7 Ways to Make Your Home a Safe Haven

man and woman standing in front of gas range

Home is where you feel most comfortable and safe — at least it should be. That level of comfort starts with having the proper safety measures in place so your home is secure. Feeling safe helps make you feel as at home as possible. 

Ready to make your home a safe haven? These seven safety precautions will leave you without a worry in the world, no matter what difficulty you end up facing.

1. Up-to-Date Medicine Cabinet

A medical emergency can happen to even the healthiest of individuals. Whether it’s an allergic reaction or a bad cut, and up-to-date medicine cabinet will keep you physically safe at home. 

Having all the medications and health equipment you could possibly need will come in handy for unexpected illnesses and accidents. For example, no one expects to get stung by a bee. You should be prepared for it anyway, especially if you suffer from allergic reactions. A proper first aid kit allows you to keep health problems from worsening until a medical professional can take over.

You should also prioritize your sexual health in your home health plan. Keep emergency contraception handy in the event that it may be needed. You never know when a condom might break or you’ll forget your regular pills two days in a row. Having something available for those instances will give you peace of mind. 

2. Home Security System

It is estimated that over 3,000 burglaries occur in the United States on any given day. That’s a pretty shocking statistic. Despite this, only about a quarter of U.S. homes have any sort of security system in place.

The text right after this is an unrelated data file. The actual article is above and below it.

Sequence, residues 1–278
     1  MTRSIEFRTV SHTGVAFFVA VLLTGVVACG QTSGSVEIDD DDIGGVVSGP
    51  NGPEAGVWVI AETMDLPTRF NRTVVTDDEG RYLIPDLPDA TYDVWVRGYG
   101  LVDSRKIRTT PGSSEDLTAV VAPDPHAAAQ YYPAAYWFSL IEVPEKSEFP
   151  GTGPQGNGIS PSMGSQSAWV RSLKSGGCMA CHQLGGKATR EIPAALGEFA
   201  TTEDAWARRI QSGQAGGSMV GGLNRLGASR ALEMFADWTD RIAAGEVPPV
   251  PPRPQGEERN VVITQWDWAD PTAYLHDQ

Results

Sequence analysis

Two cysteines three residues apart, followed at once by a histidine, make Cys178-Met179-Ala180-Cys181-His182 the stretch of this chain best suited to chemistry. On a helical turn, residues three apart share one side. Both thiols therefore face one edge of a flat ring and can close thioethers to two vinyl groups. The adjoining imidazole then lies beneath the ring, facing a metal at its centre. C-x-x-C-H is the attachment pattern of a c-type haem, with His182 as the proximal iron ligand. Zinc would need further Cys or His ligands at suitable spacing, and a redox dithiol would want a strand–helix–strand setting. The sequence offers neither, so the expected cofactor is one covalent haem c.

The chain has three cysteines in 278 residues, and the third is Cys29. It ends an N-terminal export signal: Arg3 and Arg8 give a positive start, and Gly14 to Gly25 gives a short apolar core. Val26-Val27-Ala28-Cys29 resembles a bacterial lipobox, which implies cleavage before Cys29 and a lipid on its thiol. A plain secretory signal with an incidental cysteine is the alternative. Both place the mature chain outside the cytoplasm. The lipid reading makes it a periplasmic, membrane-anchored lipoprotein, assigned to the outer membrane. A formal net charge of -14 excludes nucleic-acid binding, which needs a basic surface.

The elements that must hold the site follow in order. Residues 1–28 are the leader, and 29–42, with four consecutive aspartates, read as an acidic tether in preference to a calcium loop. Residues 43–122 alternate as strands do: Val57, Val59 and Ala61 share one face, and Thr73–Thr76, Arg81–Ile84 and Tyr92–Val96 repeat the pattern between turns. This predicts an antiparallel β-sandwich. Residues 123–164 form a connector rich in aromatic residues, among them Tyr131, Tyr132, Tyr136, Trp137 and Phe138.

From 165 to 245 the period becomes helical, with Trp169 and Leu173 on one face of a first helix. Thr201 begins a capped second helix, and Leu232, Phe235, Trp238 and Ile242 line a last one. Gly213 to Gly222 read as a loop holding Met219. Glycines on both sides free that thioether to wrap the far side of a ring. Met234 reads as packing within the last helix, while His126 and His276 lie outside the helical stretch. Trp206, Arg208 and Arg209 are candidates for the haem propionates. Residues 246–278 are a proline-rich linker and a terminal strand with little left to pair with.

Even adding one safety feature to your home can make a huge difference. Many Americans are opting for video doorbells as a way to monitor their front doors while they’re away. This alerts them to any suspicious activity. It also allows for audio communication with visitors. For example, you can speak directly to the UPS driver if you’re not home to sign for a package. 

Other home security features to consider are motion-activated exterior lights, security cameras, and a door alarm you can set at night. The presence alone of this equipment is often enough to keep problems away. 

3. Smoke Alarms

Keeping yourself and your property safe, while you are home, is also important. Smoke alarms are typically required to be installed in buildings, but it’s often up to the resident to manage the upkeep. You might be tempted to pull out the batteries when your alarm starts chirping. Replacing them is always the right choice — even if it requires an immediate trip to the store. 

Carbon monoxide detectors are another addition you should consider making to your home. These alarms will alert you of any gas leak that you might not be able to detect on your own. This simple alarm can prevent potential life-threatening scenarios where carbon monoxide poisoning seeps in undetected. 

4. Child Safety

If you have any young children, you’ll need to take some precautions on their behalf. Children are curious but also naive, and they can get hurt simply due to a lack of understanding.